Jeffrey B. Rich, MD
STS News, Summer 2012 -- At STS we are making the most of the summer months, as the season marks the beginning of our Annual Meeting planning; however, before we start thinking about the future, I want to take this opportunity to let you know about a few of the exciting STS developments that occurred this spring.
Months of collaboration came to fruition on May 1 when CMS released a National Coverage Determination (NCD) for transcatheter aortic valve replacement therapy (TAVR). This NCD is a comprehensive approach to TAVR coverage that optimizes patient safety, while allowing Medicare beneficiaries across the country access to the latest in medical technology.
The NCD provides a clear pathway for the use of TAVR in clinical settings. It ensures that the pre-operative evaluation, inter-operative deployment of the valve, and post-operative care must be jointly shared by cardiologists and cardiothoracic surgeons, utilizing the heart team approach. This collaboration protects patients from less than ideal decision-making and technical problems in the OR, and helps ensure that the right devices are delivered to the right patients at the right time.
To learn more about the details and implications of the NCD for TAVR, please read Washington Scene on page 11.
One day after the NCD announcement, STS hosted a special session, “TAVR: Lessons Learned,” at the AATS Annual Meeting in San Francisco. This forum was a true culmination of our cooperative efforts. Representatives from the FDA, CMS, ACC, and Edwards Lifesciences, along with STS and AATS, came together to discuss how the TAVR approval process offered a new paradigm for device introduction and reimbursement.
For more information about this session, including a link to the session recording, see page 1.
In other TAVR news, the STS/ACC TVT Registry went live on Dec. 1, 2011. Currently, we already have 59 active participants, and we expect this number to grow as heart teams expand and new programs emerge. I want to give particular thanks to Drs. Michael Mack and Fred Edwards for their leadership in developing the registry.
Educating national policymakers on our surgical priorities has been one of the main goals of my presidency. To date we’ve had great success in this arena, as illustrated by our contributions to TAVR implementation. And with your help and PAC support, we can continue to drive the national conversation not just about medical device innovation, but also about fair payment models.
Fair payment models continue to be a top policy concern for both politicians and physicians. On April 27, I received a letter, on behalf of STS, from the Majority Republican members of the House Ways and Means Committee, seeking comments on Medicare physician payments and alternative payment models.
Committee members, including STS member Rep. Charles Boustany, Jr., from Louisiana’s 7th congressional district, invited us to make suggestions about how to incorporate quality measures into a new Medicare physician payment formula. The letter was also sent to other medical societies in advance of another end-of-year fight to delay cuts to physician payments.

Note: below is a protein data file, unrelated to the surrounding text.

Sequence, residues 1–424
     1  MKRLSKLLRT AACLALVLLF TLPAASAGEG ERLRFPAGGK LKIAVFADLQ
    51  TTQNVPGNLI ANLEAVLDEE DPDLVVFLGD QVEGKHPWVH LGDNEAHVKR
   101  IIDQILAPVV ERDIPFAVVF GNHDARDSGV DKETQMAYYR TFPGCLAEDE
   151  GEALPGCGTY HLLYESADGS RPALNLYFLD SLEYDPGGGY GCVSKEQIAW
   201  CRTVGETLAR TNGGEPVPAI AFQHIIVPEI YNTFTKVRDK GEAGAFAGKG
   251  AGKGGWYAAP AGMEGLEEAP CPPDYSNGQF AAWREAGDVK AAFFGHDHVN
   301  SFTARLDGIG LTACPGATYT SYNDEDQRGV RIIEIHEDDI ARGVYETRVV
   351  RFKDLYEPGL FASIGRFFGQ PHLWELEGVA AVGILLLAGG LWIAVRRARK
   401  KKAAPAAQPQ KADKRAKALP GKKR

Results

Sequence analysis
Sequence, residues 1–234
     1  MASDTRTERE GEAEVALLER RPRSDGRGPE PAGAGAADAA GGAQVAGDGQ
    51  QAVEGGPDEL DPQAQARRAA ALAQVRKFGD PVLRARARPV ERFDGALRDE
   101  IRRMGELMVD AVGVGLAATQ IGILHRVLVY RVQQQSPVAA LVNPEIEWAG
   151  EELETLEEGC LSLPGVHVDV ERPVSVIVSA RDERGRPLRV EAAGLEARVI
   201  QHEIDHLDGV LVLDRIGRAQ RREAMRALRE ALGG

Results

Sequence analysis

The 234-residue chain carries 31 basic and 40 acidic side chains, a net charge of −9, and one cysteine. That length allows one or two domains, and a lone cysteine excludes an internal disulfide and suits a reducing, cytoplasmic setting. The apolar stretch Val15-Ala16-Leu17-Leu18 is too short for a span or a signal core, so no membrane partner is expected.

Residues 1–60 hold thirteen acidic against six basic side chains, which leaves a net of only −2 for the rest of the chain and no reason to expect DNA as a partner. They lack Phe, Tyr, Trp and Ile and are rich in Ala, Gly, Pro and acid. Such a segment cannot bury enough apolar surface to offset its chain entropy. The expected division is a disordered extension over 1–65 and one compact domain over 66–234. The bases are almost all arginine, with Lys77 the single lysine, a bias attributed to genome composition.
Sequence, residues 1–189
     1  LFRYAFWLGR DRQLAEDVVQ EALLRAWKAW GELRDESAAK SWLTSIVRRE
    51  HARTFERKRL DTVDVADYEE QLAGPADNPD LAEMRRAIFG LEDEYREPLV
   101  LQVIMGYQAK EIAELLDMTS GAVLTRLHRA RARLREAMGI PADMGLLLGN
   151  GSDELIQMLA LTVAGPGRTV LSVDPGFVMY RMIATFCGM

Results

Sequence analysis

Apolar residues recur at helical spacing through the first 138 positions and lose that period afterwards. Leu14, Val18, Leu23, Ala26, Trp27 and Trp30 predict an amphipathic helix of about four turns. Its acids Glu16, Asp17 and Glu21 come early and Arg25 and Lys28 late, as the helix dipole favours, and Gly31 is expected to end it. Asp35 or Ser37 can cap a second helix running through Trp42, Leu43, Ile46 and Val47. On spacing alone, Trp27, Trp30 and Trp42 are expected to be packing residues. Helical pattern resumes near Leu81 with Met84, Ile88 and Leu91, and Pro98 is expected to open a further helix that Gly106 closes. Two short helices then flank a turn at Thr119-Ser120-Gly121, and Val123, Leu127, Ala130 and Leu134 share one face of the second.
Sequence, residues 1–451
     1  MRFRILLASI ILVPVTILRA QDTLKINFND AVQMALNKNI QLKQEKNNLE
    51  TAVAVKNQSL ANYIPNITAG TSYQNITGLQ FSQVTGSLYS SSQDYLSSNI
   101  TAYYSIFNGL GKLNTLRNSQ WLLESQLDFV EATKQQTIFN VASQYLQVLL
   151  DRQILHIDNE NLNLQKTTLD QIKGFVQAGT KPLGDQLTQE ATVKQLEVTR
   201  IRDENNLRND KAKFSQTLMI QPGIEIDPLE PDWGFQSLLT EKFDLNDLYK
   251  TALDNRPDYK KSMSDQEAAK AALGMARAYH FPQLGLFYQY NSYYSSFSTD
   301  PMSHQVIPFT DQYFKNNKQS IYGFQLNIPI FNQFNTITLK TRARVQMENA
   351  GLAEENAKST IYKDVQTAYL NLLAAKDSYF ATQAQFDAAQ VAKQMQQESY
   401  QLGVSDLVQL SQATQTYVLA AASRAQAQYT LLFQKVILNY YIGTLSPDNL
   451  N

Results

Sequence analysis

I would like to thank our advocacy team and especially members of the STS Workforce on Health Policy, Reform, and Advocacy for helping me respond to the committee. It is important that we communicate our belief that the Sustainable Growth Rate formula must be repealed, and any new payment model should reward providers for patient outcomes based on risk-adjusted quality outcomes data and the efficient use of limited resources.
Citing the success of our STS National Database in our response, we urged the committee to develop a new physician payment model that utilizes registries as a tool to help ensure that physicians can—and have incentive to—control the growth rate of their services and payments by identifying the most effective and appropriate treatments for their patients.
As you and I know, one of the most powerful and reliable ways to affect physician practice is to engage physicians in the collection of outcomes data and to provide meaningful, risk-adjusted feedback. This information not only allows us to compare our outcomes to those of our peers, but it also allows us to evaluate the efficacy of therapies we provide, informing our decisions and the decisions of our patients and their families.
Another major springtime development was publication of the full results of the ACCF-STS Database Collaboration on the Comparative Effectiveness of Revascularization Strategies (ASCERT) study in The New England Journal of Medicine.
The clinical impact of this unprecedented study was explored during an STS/ACC “virtual town hall” meeting also held at the AATS Annual Meeting in San Francisco. To learn more about the ASCERT study, including a link to the “virtual town hall” session recording, see page 3
With these successful STS health policy achievements behind us, the Society is now transitioning into full-planning mode for our 49th Annual Meeting in January. The Workforce on Annual Meeting, chaired by Dr. John Conte, will conduct its program planning meeting in mid-August at STS headquarters in Chicago. The Workforce will coalesce annual meeting content, select abstracts for oral presentation and posters, identify invited speakers who will address topics most important to the specialty, and finalize STS University courses and breakfast sessions.
As my presidential responsibilities for Annual Meeting planning ramp up,
I encourage you to reach out to me with any suggestions, concerns, or ideas that you may have for our Annual Meeting. I want to be responsive to any ideas you may have to share.
Once again, it is a pleasure to serve you this year as STS President, and I hope you enjoy this edition of STS News.